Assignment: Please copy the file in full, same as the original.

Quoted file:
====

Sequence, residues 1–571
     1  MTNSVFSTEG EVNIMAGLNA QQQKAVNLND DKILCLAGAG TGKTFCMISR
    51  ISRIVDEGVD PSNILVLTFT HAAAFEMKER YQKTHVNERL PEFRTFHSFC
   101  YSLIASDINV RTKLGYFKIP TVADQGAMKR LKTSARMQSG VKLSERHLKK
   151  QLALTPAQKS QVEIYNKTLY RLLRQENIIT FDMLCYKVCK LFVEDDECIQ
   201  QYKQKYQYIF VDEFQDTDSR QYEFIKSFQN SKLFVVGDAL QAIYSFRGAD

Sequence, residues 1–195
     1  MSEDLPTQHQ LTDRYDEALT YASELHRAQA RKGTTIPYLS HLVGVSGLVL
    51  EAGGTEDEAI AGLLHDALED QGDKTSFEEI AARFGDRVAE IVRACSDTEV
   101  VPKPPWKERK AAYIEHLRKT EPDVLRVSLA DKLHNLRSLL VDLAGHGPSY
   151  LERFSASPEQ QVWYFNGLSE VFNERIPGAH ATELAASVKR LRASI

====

Sequence, residues 1–571
     1  MTNSVFSTEG EVNIMAGLNA QQQKAVNLND DKILCLAGAG TGKTFCMISR
    51  ISRIVDEGVD PSNILVLTFT HAAAFEMKER YQKTHVNERL PEFRTFHSFC
   101  YSLIASDINV RTKLGYFKIP TVADQGAMKR LKTSARMQSG VKLSERHLKK
   151  QLALTPAQKS QVEIYNKTLY RLLRQENIIT FDMLCYKVCK LFVEDDECIQ
   201  QYKQKYQYIF VDEFQDTDSR QYEFIKSFQN SKLFVVGDAL QAIYSFRGAD

Sequence, residues 1–195
     1  MSEDLPTQHQ LTDRYDEALT YASELHRAQA RKGTTIPYLS HLVGVSGLVL
    51  EAGGTEDEAI AGLLHDALED QGDKTSFEEI AARFGDRVAE IVRACSDTEV
   101  VPKPPWKERK AAYIEHLRKT EPDVLRVSLA DKLHNLRSLL VDLAGHGPSY
   151  LERFSASPEQ QVWYFNGLSE VFNERIPGAH ATELAASVKR LRASI